Thanks for your reply! What do you mean by better for the west coast? NU's website specifies 15% in the "West" (http://www.law.northwestern.edu/career/statistics/), which is the 3rd largest. Mich also shows more prominent placement in the Northeast (http://www.law.umich.edu/careers/Pages/default.aspx) than the West coast (25-99 over the course of 3 graduating classes in CA only), which looks similar to NU's placement in the West.

sunshiiine
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Re: Michigan vs. NU - Insight appreciated!

Postby sunshiiine » Sun Jun 03, 2012 7:32 pm

CanadianWolf wrote:Agree that in your situation it comes down to personal preference. Have you visited both law schools ? If so, what are your impressions ?


I have visited both and enjoyed each pretty equally. The crucial difference, as I alluded to in the first post, is whether being in an urban vs. suburban setting offers any relative advantages while in law school. The answer to this question might solve my dilemma.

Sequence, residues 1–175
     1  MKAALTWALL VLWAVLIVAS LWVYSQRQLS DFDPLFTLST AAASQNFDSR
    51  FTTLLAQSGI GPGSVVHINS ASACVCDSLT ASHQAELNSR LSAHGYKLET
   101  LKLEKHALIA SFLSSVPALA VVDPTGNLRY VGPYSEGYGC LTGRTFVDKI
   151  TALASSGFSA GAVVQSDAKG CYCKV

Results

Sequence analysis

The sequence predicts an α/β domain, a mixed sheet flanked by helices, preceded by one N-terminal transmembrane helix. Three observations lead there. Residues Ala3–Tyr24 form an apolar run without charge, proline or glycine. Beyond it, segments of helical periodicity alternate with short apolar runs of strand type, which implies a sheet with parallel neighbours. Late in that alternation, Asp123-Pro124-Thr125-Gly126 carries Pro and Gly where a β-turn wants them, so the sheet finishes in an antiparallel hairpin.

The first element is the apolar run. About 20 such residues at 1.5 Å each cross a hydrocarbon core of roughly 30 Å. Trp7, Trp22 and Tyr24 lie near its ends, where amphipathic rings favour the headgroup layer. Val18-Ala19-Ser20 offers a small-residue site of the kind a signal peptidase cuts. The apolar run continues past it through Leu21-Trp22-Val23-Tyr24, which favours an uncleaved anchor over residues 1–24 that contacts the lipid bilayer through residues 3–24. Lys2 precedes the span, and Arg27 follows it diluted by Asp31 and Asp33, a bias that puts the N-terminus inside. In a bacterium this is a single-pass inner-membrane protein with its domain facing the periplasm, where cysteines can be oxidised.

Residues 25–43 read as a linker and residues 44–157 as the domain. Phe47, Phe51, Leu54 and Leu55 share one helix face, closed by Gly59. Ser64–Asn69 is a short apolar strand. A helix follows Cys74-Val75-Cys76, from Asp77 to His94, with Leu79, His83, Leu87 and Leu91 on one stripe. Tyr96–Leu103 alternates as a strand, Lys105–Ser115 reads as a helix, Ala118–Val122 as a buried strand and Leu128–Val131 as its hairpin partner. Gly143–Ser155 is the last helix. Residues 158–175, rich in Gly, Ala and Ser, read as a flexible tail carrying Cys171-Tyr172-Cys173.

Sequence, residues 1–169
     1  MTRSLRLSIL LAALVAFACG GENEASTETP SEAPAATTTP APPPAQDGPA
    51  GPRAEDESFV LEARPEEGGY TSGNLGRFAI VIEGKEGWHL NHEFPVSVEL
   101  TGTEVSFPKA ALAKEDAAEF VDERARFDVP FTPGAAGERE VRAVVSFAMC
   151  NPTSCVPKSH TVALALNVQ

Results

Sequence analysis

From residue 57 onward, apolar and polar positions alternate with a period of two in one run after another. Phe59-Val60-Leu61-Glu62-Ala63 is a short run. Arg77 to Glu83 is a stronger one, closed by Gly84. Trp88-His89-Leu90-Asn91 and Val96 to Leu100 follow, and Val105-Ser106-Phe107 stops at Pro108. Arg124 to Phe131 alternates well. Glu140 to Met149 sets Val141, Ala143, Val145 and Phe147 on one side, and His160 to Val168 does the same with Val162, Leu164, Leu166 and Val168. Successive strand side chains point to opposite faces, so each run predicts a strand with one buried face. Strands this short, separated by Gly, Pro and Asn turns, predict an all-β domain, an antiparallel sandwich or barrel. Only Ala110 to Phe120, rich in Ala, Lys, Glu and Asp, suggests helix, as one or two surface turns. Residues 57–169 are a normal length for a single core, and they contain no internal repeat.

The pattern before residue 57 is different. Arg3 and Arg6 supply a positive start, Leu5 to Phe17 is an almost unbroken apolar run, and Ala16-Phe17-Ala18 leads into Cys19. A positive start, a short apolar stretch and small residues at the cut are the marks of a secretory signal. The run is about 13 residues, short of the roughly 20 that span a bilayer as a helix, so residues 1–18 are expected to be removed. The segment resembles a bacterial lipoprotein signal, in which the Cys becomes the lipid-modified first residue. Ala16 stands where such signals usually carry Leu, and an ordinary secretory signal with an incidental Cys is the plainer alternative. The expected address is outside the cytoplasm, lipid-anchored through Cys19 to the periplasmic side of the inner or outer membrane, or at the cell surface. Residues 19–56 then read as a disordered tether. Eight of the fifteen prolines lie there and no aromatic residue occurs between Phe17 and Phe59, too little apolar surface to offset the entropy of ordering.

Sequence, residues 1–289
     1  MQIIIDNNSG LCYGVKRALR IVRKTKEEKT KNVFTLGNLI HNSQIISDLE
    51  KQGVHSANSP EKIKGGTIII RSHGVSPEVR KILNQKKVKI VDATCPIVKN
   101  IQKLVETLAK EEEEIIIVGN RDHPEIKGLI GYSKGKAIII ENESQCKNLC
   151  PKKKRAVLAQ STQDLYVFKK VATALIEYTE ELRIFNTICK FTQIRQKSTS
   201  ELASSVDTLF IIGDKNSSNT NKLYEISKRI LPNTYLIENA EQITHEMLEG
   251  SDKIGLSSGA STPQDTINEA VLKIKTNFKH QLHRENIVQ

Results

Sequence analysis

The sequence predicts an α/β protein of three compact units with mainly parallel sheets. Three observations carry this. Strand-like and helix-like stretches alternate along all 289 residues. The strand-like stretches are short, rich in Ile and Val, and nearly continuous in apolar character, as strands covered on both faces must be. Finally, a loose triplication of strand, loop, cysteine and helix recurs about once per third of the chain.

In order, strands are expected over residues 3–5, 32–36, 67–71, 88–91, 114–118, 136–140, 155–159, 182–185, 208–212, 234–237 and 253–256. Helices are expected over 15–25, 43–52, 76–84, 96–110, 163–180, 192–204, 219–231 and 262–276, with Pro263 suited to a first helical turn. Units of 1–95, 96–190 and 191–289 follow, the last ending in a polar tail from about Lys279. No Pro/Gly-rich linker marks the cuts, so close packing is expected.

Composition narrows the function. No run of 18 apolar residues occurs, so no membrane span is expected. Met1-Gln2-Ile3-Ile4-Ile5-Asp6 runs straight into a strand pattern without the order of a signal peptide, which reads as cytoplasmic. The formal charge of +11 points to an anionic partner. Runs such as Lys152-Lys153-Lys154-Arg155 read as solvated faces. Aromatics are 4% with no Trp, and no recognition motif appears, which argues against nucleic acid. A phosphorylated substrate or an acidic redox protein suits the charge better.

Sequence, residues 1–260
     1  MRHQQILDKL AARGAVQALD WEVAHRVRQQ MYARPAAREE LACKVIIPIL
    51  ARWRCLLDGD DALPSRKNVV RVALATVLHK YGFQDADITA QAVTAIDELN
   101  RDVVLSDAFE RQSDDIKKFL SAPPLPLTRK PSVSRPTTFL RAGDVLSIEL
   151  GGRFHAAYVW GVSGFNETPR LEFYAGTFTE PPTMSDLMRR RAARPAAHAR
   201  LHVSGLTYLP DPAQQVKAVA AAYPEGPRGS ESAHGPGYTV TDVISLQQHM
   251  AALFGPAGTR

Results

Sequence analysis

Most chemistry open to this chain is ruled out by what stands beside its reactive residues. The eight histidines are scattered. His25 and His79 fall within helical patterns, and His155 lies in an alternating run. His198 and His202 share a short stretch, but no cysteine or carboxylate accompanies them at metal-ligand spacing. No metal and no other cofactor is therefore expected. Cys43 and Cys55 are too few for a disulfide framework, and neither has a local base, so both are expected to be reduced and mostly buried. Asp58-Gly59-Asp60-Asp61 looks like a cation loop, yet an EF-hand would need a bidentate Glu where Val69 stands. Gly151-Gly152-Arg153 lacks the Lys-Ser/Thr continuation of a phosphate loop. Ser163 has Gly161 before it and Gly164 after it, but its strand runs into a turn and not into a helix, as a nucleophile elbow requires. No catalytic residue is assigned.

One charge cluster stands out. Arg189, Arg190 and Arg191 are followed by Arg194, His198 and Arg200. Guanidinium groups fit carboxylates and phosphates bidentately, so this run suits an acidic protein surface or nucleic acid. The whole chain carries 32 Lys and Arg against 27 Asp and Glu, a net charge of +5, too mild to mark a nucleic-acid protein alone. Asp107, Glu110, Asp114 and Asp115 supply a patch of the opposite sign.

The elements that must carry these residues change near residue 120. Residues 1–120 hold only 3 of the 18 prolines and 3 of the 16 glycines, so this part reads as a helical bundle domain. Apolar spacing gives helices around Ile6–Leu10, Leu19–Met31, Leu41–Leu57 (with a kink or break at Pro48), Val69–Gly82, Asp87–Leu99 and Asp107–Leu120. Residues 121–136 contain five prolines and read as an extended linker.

Not that I would make a decision on this basis, but I loved both campuses and choosing between a view of Lake Michigan from the library or Mich's famed reading room is a toss-up. There are new students every year, and you rarely meet enough students on a visit to make any definitive conclusions about 'fit'. I like NU's smaller size, but Michigan seems to still offer a strong sense of community and a good amount of individualized attention for a somewhat larger law school.

Controlling for geography, the schools seem pretty similar. The faculty, course selection, student body, clinical offerings, extracurricular opportunities (journals/student orgs), and employment prospects are all comparable, I think...as is to be expected for what an earlier poster called 'peer schools'. I was hoping current or graduated students would be able to shed some light on whether any of this is true, which would undoubtedly impact my personal preferences and hopefully make my decision a little easier.

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Re: Michigan vs. NU - Insight appreciated!

Postby IAFG » Sun Jun 03, 2012 7:37 pm

woeisme wrote:Mich is better for west coast and NU is better for Chicago. Otherwise, basically peer schools - pick based on personal preference.

People with California ties do great placing into CA. Are you saying Michigan places people without ties?

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dr123
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Re: Michigan vs. NU - Insight appreciated!

Postby dr123 » Sun Jun 03, 2012 7:45 pm

bk1 wrote:A UMich friend of mine interned in Detroit, though I'd imagine that isn't the easiest thing to do due to the distance.